6. Hood and bar angle looks appropriate for road, but not for 'cross. Tilt those bars up a little, so the wrist angle is straight, not angled down. You want to hold your hoods in your hands like a pair of baseball bats you plan to smash the course with, not places to gently rest your hands while you think about how good you look in your Rapha kit.
7. Single ring set ups should have two guards, not one guard and a chain guide. The chain guide will work most of the time, but that one time the chain is partially off and you pedal it straight past and under the guide, where you then can't pull it out because the guide is now in the way, you'll wish you just had an inside guard. Plus, some traditions should be respected for their own sake. A chain guide just ruins the lines, and certainly this should matter to Heidi.
8. Shorten up that rear derailleur cable from the shifter.
1. Colored electrical tape on the bars. I debated if I was happy with the red, but because the bike is a flat color, the red matches the tips of fork, head badge, downtube logo outline, and I believe, FMB stamp on the tire. Subtle. Successful.
2. Non-knee high socks. You see what Heidi's got going on here? High socks. Even kind of cute, argyle high socks. But NOT socks pulled all the way up to her balls, making her look like Pippi fucking Longstocking, because 'cross is a joke and I'm a girl and I should be cute and not act like I'm taking this too seriously because I'm afraid of failure AND success.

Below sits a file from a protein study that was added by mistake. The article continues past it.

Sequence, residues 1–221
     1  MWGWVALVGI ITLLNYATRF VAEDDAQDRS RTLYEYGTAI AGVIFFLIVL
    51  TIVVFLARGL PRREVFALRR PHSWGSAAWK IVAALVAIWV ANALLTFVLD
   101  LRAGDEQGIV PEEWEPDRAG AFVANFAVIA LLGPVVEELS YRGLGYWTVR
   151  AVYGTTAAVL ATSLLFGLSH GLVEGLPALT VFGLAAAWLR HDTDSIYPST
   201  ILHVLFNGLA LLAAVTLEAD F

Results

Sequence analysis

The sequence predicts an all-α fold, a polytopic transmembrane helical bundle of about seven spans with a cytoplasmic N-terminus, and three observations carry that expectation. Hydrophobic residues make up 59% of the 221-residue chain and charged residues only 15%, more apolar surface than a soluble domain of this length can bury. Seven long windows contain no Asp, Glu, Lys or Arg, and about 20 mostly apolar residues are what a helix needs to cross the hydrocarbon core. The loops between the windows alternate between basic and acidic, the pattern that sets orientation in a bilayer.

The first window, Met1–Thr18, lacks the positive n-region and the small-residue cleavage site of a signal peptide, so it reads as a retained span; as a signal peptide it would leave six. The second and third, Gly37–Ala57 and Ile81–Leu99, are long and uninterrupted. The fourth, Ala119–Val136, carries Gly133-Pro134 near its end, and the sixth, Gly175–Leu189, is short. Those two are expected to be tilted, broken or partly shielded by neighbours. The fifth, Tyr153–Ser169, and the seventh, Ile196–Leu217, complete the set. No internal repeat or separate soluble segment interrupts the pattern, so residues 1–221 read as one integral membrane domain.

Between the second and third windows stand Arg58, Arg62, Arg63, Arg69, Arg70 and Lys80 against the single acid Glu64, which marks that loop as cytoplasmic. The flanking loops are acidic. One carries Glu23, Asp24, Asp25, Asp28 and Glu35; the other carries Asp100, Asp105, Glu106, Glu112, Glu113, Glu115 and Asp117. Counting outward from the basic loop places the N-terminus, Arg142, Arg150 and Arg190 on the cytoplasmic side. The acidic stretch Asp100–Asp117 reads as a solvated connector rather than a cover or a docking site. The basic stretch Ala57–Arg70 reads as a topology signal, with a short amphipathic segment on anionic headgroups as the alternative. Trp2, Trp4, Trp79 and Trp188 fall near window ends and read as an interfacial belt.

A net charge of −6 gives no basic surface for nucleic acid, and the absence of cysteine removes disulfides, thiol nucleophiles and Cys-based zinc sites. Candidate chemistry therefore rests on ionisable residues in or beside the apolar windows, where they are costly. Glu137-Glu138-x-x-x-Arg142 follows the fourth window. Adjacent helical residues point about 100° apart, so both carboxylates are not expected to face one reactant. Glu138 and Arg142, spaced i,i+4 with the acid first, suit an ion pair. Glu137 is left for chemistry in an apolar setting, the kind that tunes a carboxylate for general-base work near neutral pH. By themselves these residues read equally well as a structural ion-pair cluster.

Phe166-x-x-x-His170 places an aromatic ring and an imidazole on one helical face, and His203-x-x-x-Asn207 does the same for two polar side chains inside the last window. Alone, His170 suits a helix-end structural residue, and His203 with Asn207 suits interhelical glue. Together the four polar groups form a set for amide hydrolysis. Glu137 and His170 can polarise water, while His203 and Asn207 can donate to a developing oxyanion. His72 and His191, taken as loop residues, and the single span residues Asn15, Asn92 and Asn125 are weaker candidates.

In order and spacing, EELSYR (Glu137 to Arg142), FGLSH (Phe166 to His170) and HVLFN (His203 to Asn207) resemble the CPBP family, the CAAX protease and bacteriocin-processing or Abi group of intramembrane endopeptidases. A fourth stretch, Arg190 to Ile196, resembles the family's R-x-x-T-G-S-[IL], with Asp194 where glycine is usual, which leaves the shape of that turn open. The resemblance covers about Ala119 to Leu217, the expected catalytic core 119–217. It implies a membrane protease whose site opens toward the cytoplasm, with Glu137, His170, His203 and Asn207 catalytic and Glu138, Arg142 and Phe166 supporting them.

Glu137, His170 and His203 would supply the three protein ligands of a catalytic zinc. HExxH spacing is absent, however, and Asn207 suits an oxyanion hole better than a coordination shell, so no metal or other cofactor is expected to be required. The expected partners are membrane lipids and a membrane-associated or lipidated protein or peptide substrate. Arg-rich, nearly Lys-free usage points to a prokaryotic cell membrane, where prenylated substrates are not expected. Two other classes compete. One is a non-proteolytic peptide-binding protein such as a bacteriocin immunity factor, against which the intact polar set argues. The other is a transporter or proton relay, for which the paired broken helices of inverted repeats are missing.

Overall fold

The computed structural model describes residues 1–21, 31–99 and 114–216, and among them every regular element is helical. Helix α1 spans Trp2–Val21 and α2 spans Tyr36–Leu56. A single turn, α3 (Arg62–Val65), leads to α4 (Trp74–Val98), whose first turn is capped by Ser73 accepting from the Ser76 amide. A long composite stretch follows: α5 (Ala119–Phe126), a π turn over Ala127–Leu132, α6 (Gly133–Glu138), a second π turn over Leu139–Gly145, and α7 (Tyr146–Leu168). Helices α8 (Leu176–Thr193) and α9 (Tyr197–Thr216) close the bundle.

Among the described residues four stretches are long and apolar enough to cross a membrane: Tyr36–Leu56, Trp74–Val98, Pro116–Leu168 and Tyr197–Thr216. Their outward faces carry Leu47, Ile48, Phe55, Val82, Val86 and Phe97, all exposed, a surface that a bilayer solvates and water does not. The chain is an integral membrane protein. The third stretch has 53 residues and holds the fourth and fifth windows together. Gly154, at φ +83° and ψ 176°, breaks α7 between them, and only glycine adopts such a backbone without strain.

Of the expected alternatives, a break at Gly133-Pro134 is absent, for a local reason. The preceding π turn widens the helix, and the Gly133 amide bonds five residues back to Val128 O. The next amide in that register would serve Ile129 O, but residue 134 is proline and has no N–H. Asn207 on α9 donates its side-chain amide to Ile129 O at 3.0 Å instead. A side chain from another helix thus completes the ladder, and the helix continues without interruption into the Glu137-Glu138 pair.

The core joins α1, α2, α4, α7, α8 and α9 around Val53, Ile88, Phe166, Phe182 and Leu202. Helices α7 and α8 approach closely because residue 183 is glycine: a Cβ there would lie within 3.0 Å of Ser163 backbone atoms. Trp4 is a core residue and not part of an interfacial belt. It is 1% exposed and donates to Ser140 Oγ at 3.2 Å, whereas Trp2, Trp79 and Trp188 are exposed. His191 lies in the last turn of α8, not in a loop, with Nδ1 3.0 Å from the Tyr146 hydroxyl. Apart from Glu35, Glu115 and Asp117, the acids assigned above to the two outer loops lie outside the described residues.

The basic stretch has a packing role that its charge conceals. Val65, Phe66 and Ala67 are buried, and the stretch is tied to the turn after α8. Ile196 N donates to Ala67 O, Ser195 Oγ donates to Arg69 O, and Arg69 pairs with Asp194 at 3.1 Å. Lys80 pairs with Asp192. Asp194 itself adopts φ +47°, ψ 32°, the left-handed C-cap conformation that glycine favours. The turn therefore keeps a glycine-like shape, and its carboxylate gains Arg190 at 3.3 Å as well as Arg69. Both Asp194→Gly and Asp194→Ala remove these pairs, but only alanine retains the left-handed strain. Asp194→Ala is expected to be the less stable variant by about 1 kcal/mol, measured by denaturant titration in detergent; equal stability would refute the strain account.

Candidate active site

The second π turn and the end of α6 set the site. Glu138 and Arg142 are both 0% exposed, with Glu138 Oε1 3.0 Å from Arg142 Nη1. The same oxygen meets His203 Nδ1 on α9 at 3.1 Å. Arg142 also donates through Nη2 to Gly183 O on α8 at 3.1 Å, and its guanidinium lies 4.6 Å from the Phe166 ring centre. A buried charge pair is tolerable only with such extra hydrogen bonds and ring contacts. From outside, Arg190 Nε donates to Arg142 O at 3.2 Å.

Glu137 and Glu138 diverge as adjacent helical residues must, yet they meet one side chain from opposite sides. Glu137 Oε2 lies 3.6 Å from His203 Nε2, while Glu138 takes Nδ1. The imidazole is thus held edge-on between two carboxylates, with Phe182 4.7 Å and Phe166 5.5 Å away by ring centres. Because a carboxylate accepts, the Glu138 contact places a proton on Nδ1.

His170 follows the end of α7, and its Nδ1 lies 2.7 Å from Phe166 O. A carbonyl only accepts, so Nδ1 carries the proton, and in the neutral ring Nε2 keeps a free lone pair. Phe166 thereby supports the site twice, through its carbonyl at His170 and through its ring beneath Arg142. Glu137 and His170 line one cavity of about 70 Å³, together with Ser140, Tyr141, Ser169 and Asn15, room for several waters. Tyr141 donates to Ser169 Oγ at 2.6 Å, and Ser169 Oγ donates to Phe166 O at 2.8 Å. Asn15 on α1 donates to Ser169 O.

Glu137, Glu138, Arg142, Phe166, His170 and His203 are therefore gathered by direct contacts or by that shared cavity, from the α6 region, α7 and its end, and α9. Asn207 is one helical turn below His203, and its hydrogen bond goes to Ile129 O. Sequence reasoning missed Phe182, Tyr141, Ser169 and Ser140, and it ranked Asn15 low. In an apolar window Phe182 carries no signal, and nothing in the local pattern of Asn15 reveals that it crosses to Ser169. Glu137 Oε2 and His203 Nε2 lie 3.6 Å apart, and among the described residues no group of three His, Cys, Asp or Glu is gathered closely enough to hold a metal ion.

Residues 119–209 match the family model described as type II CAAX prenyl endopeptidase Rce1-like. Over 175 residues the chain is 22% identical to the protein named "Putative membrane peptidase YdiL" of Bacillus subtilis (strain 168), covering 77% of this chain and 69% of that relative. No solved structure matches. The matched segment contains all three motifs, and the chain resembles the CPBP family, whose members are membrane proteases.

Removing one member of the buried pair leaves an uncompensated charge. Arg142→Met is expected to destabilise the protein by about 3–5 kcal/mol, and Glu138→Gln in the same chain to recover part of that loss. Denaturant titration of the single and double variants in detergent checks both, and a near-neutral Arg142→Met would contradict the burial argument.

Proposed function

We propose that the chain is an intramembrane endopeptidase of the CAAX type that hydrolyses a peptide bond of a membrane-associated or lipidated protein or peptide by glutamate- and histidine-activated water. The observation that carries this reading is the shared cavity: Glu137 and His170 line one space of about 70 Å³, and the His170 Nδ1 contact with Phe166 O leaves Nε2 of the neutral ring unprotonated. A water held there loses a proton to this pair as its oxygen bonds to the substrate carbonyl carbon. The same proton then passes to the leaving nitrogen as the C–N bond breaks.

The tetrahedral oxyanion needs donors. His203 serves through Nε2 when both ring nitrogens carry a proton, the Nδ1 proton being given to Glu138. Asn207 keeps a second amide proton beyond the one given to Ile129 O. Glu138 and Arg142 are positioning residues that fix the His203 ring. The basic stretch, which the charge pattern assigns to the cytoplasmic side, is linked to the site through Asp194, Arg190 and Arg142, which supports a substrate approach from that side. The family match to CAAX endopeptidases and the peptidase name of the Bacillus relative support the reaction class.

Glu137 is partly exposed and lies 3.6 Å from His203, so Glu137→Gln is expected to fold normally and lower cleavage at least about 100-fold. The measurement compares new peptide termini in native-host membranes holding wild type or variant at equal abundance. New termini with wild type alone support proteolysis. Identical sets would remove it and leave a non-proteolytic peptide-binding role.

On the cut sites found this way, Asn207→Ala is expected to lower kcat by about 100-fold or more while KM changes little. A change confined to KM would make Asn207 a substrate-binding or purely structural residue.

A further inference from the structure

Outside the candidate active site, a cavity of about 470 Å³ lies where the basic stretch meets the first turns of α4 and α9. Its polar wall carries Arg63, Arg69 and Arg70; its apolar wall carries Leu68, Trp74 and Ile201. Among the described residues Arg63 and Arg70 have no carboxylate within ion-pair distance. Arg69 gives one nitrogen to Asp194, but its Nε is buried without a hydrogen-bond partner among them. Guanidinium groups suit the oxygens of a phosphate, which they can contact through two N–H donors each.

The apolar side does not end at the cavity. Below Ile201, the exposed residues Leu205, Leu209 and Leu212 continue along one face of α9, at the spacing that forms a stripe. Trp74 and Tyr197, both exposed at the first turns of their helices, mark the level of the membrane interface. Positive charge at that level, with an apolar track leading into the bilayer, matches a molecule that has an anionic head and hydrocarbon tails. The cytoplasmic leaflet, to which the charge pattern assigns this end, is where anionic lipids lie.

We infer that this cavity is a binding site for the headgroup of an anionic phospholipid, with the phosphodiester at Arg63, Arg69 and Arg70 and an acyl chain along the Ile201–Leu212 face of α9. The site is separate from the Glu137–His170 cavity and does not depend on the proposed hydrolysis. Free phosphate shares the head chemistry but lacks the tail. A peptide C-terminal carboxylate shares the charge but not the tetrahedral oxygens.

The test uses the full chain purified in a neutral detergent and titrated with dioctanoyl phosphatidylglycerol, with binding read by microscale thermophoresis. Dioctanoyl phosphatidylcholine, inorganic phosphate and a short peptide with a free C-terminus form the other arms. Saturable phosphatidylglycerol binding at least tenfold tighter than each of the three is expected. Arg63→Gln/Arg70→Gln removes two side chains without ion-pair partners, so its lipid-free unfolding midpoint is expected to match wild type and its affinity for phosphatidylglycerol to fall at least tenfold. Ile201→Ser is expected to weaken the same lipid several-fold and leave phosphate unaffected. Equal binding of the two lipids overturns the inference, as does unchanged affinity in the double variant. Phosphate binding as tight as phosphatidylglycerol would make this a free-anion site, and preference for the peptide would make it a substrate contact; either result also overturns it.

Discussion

Whew. Sorry. Got excited. But that's what knee high socks in 'cross say to me. Mr. Blackwell of 'cross says high socks are ironic and stupid and irony is FUCKING OVER, KIDS! DO YOU HEAR ME? IT'S OVER!
3. Unzipped jersey, because it's hot. (Oh, you see what I did there?) If you're a female athlete, you shouldn't have to worry about being attractive while you're playing sports. You're playing sports, and that makes you attractive in the first place. But when is being attractive ever a reason to play sports? If it's hot out, you should be able to unzip your skinsuit or jersey without worrying about what it signifies. And in doing so, it signifies that you're hot, nothing more. And that in itself, the not caring, is hot. You can't escape the patriarchy, you just have to do your best.
4. The dangling necklace. I have always been a fan of those pictures of Italian climbers burying it on some pass, jersey open, crucifix swinging low. It's one of those things you don't think about while you're racing, but is so striking in photos. You don't stop being yourself when you're racing bikes. It's a way to express yourself.
5. Going hard, and reading the course. In both photos, you can see Heidi is trying. She's going hard. She's not out racing 'cross because it's cool. She's trying to go fast. And in one of the photos she's looking ahead, evaluating the course, thinking about her next turn, being focused. DO.
And finally, most importantly:
You're Heidi Fucking Swift. You're a tastemaker. You do whatever the fuck you want, and let people deal with it or not.